National Centre for Writing launches this week in Norwich

National Centre for Writing launches this week in Norwich

June 19, 2018

The National Centre for Writing has launched this week in sister City of Literature Norwich, following a £2m regeneration of historic Dragon Hall.

Formerly known as the Writers’ Centre Norwich, in December 2016 it was given the go-ahead to develop Dragon Hall, parts of which date back to 1430. The regeneration was able to take place following a grant of £789,434 from Arts Council England (ACE), and was backed by a number of patrons including Margaret Atwood, J M Coetzee, Sarah Perry, Elif Shafak and Ali Smith.

The Centre will provide a physical and digital space allowing for the exploration of creative writing and world literature, and will engage with a network of local, national and international partners to provide a year-round programme of activities, such as schools outreach, talent development projects and public events, as well as online courses, commissions and partnerships.

Building on its achievements as Writers’ Centre Norwich, the organisation will continue to develop relationships with the literature sector internationally. Its opening year will culminate in the UK’s first ever gathering of all the UNESCO cities of literature in May 2019 to discuss how place, art and community can work together to improve the social and economic conditions in cities around the world.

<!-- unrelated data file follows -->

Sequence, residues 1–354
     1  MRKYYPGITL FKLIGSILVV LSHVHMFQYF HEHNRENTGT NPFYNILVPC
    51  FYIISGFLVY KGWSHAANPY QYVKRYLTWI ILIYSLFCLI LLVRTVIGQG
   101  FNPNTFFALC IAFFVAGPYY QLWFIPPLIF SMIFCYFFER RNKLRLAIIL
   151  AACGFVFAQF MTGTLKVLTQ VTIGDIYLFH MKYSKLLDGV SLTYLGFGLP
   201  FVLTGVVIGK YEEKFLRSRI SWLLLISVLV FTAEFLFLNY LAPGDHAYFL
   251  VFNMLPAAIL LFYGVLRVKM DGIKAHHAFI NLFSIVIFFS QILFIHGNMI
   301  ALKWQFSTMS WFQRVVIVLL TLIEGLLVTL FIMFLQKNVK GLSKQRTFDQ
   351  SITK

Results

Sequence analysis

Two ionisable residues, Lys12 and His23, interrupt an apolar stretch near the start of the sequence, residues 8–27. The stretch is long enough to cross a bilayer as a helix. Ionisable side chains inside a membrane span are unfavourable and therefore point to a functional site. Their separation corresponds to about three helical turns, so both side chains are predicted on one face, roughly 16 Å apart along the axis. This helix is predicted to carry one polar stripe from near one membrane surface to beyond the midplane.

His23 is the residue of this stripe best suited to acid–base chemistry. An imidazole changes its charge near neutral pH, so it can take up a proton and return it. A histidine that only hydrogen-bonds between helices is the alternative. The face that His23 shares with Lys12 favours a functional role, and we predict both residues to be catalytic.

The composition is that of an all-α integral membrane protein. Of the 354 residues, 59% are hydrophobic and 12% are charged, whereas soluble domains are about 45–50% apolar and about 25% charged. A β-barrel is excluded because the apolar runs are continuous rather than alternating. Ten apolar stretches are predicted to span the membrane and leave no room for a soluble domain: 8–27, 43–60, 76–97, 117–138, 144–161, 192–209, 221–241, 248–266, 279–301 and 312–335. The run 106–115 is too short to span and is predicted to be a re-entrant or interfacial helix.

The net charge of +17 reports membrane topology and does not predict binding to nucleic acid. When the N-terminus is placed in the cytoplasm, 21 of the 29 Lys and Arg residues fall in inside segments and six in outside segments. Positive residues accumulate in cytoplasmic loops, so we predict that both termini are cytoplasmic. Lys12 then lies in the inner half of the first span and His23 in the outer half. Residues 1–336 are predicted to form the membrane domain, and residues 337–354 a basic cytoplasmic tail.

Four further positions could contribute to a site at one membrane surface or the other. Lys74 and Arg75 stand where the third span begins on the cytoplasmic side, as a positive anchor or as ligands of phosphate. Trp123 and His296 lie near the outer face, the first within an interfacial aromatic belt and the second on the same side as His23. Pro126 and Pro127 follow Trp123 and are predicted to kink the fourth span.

Chris Gribble, c.e.o. of the National Centre for Writing, said:

After several years in the planning, we are thrilled to celebrate this new chapter for the Writers’ Centre. Norwich has been a literary city for over 900 years: a place of ideas where the power of words has changed lives and transformed literature.

Writers’ Centre Norwich formed in 2003 as a collaboration between the University of East Anglia, Arts Council England, Norwich City Council and Norfolk County Council. It explored the relationship between writers and local communities and to stimulate debate about literature and its place in society and in 2012 it successfully led the bid to have Norwich named England’s first UNESCO City of Literature, building on the city’s reputation as a centre for literary excellence.